The Luxury Letter Blog

Guide to Luxury Brand Success in Economic Downturns
November 4, 2008, 2:43 pm
Filed under: Uncategorized

By Milton Pedraza, CEO of the Luxury Institute, LLCfinalcrop1626-12

First the story was that luxury was omnipotent and luxury consumers were immune. Even the “affluents” were trading up, they said, and luxury could do no wrong. Now the story is that luxury has lost its luster and even the wealthiest are bailing out. Makes for great headlines.

Neither view was, or is, an absolute truth. The luxury market and wealth segments are very dynamic, comprised of different products and services categories, and different segments of wealth that respond differently to economic cycles. The responses are driven by both consumer demand and psychology.

It is true that things are never as good, or as bad, thankfully, as we make them out to be. Even consumers, reporting their expenditures, past and future, and their attitudes and sentiments, tend to get it very wrong most of the time. For proof, go no further than current political polls. Try to correlate consumer sentiment indexes with retail sales over a long period of time. It is tough to achieve. That is not to say these are not useful exercises conducted by well-intentioned professionals, and may be good indicators of consumer perceptions at the time. Overall, however, we believe that current rumors of luxury’s demise are greatly exaggerated—as exaggerated as the previous estimates of never-ending growth.

Luxury Institute and Global Insight research show that the reality is that luxury is cyclical and always has been, as are all other industries, and that the luxury winners take a long-term view and business approach. We believe strongly that despite the recent crisis of confidence, the global economic fundamentals make it likely that millions will continue to be lifted from poverty and that millions more will become millionaires around the world in the next few decades.

Freely available technological innovation and emerging market population growth in economies that have the legal frameworks to support entrepreneurship and property ownership—and the eventual availability of capital—bode well for the future of luxury goods—and especially luxury services. In more mature markets, this economic cycle, like all others preceding it, will turn. When it does, the current mentality of retrenchment will yield again to one of acquisitiveness.

Downturns, however, do not need to be downtime for luxury executives. Here are seven “tough-love” steps from the independent and impartial Luxury Institute, to ensure that your brand not only survives, but thrives, in this current serious economic downturn.

1.) Eliminate the Hobbies: Many luxury brands have entered into categories where they have no expertise or credentials, merely because they want to be “lifestyle” brands. Some categories are logical extensions for a luxury brand. Most are not a good fit, and will be marginally profitable. Fashion brands are notorious for pasting their logo on anything that they think will generate growth regardless of the impact on the long-term brand equity, and the long-term bottom line. Wealthy consumers are highly discerning, educated buyers. Several years of Luxury Institute empirical research shows that wealthy consumers prefer, and are willing to pay a significant price premium for, brands that are specialists. Leiber in handbags, Harry Winston in jewelry, Christian Louboutin in women’s shoes, and Berluti in men’s shoes are brands that wealthy consumers rate highest as category specialists. Conduct a rigorous assessment of your brand’s category portfolio and unflinchingly eliminate the marginal “hobby” categories. Renew your focus on what you do best and innovate within those categories.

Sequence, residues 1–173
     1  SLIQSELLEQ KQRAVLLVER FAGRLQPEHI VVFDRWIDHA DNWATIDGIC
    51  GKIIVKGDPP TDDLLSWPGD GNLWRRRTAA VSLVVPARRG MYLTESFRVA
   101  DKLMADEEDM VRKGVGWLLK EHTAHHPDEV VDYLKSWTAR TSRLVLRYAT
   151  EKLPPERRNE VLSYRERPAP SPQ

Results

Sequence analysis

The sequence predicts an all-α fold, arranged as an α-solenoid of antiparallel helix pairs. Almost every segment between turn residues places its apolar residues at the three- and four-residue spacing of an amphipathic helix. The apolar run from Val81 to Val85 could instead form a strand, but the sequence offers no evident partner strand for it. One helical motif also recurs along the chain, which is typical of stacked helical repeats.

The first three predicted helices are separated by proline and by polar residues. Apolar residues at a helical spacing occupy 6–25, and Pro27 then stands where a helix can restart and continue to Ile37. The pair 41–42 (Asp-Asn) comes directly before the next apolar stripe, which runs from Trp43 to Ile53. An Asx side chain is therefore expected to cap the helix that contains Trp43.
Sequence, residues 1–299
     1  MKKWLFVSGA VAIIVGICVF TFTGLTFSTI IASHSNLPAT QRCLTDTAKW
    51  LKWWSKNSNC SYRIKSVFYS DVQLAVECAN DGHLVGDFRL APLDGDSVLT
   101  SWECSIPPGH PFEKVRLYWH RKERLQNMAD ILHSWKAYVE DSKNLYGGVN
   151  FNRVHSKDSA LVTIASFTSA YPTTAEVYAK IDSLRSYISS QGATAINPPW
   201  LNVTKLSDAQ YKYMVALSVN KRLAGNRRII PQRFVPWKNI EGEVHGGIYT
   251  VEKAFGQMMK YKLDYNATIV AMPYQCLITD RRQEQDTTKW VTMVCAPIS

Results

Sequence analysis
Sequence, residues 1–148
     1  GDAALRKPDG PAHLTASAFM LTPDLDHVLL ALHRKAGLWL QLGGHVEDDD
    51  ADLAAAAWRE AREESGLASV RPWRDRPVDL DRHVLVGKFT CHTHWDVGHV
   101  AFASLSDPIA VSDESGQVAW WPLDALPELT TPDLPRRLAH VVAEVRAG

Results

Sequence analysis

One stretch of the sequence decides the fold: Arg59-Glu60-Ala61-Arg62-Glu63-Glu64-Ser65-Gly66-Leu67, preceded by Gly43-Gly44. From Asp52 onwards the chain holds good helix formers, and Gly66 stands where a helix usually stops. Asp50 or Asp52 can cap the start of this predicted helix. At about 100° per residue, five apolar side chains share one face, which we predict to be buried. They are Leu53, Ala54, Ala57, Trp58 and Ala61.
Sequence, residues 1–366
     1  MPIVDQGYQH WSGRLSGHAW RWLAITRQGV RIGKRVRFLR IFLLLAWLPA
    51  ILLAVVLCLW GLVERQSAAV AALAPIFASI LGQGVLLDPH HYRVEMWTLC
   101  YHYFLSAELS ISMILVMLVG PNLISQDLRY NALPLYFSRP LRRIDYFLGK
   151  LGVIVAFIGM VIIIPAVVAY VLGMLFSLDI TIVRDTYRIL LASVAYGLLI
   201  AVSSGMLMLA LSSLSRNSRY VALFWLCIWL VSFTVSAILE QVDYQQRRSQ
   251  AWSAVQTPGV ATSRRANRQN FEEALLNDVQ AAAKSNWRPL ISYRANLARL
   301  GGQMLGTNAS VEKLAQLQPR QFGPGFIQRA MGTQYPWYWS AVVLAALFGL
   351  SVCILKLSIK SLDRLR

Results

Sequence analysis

2.) Go Up-Market Right Now: One of the great ways to kill a luxury brand, albeit slowly, is to go down-market. Gucci was a great comeback story because someone had decimated it before Tom Ford saved it. It is the “boiled frog” syndrome. The warm water feels so good that the frog doesn’t know it’s being made into soup till the water starts to boil. By then, it is too late to bail. If you are a luxury brand that really aspires to be a mass brand, then create and execute a strategy to be distributed in as many mass-market outlets as possible. You have lots of choices. If you aspire to be a top-rated luxury brand, then Luxury Institute research says that you must serve high net worth consumers, be unique and exclusive, your distribution must be limited, and your service impeccable. Great quality is not enough. Focus on going up-market with bespoke, one-of-a-kind, custom made, made-to-order, or limited edition products and deliver service to match. Only then will the new, growing multi-millionaire consumers globally be willing to pay a premium for your products long term. That’s your growth strategy.